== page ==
I saw a cat get hit by a car the other morning. It was an orange tabby, crossing the road when a white SUV drove by and a wheel smacked it in the side of the head. It fell in the middle of the street, as the lower half of the body squirmed around for 10 seconds or so before falling limp. The only sound was the thump from the contact.
I was sitting on my porch with a friend as the scene unfolded. After a few moments of dealing with the immediate shock of observing everything, we walked up the street to check and see if the cat was all right, but it had stopped moving and breathing. Its left eye was popped out onto the asphalt, and the smell of death permeated the air. It didn’t have a collar. It was likely a stray that wouldn’t be missed by anyone because it wasn’t lucky enough to have a home — an insignificant death.
Insignificant because, as my friend said, things die every day. People die all the time, so do animals and plants. The world we live in is inhabited and inebriated with death and dying. So, death is insignificant because it’s commonplace. It only sticks with us when we are witness to it, whether through time and place or relation to that which is crossing into that world of nonbeing or otherbeing, depending on what a person believes. There is no escape from this end to life, and it’s ridiculous to try and conjure up meaning for the death of a stray cat in the middle of the street at nine in the morning on a Sunday.
But nonetheless, I haven’t been able to stop thinking about that cat. I’m known to do ridiculous things all the time, and so here I am, trying to conjure up meaning for the death of a stray cat in the middle of the street at nine in the morning on a Sunday, while I sat on my front porch smoking cigarettes with a friend an hour after we’d eaten pancakes in my kitchen.
It’s the context of events that give them meaning. When something is out of place, it comes as a shock — that’s why a person would be nonplussed if they saw dozens of forks and spoons in a drawer. But if that person were to pull back their blanket to get into bed and notice dozens of forks and spoons on their bed, they’d be confused. The context has changed. The meaning has changed from understanding things the way they should be to some absurd reality with silverware in their sleeping place.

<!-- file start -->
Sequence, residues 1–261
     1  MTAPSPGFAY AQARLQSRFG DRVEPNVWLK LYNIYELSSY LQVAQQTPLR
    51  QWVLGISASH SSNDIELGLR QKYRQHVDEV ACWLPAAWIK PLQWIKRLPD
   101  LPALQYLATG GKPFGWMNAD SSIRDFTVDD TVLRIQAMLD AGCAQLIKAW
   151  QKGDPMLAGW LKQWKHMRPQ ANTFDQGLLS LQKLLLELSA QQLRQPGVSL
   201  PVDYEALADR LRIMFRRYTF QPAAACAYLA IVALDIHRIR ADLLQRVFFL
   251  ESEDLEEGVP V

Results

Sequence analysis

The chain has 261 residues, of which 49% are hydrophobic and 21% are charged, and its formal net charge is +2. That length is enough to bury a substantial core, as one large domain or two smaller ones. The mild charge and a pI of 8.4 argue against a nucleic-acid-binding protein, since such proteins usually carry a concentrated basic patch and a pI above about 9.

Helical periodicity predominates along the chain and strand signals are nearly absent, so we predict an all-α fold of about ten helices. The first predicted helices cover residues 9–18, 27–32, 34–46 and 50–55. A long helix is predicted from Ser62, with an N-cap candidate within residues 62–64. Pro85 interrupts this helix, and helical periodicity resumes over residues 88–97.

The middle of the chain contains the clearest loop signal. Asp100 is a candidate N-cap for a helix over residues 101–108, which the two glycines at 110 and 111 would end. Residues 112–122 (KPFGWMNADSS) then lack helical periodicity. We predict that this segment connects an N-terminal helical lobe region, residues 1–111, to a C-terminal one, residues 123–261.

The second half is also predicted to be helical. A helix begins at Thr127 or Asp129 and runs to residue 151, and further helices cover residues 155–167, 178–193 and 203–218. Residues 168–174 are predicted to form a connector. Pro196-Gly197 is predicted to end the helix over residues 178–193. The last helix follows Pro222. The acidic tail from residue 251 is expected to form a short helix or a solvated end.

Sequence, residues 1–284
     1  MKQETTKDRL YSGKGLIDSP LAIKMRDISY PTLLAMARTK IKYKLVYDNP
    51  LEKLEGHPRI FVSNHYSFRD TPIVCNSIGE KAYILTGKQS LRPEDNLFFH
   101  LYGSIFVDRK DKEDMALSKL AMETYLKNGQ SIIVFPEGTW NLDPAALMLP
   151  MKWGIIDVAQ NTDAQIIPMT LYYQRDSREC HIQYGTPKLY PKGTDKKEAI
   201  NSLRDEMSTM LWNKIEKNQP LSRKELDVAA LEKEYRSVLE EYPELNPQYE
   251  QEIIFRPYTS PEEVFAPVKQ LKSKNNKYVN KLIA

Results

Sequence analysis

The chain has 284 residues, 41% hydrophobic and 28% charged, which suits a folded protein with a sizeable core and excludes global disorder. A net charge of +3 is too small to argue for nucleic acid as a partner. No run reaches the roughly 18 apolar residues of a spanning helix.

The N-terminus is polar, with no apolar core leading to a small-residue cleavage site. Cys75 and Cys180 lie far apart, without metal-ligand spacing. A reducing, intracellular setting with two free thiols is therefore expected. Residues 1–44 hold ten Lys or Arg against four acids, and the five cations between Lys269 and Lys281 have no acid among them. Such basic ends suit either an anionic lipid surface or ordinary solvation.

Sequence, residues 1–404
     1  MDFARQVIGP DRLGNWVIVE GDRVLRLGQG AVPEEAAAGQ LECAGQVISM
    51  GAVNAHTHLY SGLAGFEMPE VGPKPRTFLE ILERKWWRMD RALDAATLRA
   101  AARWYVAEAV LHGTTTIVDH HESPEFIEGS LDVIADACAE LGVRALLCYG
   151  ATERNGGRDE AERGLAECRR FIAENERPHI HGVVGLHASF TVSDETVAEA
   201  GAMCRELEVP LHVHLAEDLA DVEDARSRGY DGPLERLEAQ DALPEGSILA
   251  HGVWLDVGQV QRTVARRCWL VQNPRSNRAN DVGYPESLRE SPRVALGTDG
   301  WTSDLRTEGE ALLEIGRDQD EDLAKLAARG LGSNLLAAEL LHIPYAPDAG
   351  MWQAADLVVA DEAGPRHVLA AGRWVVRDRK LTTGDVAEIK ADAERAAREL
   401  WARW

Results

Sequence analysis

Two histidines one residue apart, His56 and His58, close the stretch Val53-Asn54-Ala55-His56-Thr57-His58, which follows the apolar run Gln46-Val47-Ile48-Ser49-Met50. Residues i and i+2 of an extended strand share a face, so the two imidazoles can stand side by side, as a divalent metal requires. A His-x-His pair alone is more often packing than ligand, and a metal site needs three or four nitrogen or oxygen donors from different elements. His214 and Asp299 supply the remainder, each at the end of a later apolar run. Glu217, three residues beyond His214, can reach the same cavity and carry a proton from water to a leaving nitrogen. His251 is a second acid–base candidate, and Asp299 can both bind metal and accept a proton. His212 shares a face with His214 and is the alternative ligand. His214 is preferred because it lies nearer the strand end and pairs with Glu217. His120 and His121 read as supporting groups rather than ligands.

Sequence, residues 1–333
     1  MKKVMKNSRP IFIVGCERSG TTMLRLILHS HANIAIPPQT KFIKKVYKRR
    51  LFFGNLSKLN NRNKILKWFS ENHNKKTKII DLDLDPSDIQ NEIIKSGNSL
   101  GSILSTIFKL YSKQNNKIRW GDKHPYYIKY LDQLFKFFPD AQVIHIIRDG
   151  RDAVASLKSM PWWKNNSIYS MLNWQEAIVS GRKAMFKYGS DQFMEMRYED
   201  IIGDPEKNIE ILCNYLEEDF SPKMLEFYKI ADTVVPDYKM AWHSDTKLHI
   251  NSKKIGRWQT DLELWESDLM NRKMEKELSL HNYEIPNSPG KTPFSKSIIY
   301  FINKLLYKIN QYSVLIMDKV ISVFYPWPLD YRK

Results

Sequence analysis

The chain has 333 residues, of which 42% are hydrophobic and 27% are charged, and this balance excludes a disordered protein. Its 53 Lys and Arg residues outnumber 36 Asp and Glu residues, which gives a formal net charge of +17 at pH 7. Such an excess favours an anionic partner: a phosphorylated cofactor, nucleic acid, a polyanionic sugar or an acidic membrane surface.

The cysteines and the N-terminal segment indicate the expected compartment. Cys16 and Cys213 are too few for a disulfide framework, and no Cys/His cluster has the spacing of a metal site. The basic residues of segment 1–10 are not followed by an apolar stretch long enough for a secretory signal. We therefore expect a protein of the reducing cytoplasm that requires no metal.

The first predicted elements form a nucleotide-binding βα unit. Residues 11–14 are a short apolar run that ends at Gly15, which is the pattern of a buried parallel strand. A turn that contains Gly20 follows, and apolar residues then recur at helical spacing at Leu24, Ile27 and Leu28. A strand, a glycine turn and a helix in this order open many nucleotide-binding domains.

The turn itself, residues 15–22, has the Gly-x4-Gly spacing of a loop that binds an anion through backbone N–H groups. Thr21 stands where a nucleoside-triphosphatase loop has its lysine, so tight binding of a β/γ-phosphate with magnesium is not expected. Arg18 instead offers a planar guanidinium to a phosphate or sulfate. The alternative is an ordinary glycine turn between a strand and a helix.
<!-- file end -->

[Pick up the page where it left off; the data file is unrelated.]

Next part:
Perhaps that’s why this cat’s death stuck with me. I wasn’t prepared to encounter death on a Sunday morning while I sat on my front porch smoking cigarettes with a friend an hour after we’d eaten pancakes in my kitchen.
So, what’s the context of this cat’s death?
I’ve only provided my own context for the event that happened because I can’t know the context of this death for the cat, or for the person who drove by and didn’t stop, or the context for anyone or anything else that saw. I’m trapped by my own context, stuck in my own reality with only imagination to attempt to overcome the limitations of myself.
How many deaths have I not seen, simply because I’ve been lucky enough to be distanced from them?
Even then, how many deaths have been insignificant just because I haven’t thought to put the weight of giving meaning onto myself? And who am I to decide what has meaning outside of myself?
Time will tell. For now, I’m trapped in a sense of uncertainty about this innocent death at nine in the morning on a Sunday, while I was smoking cigarettes on my porch with a friend an hour after we’d eaten pancakes in my kitchen.
Kevin Thomas is the Managing Editor for the Newswire. He is an English and philosophy double major from St. Louis.
Categories: Opinions & Editorials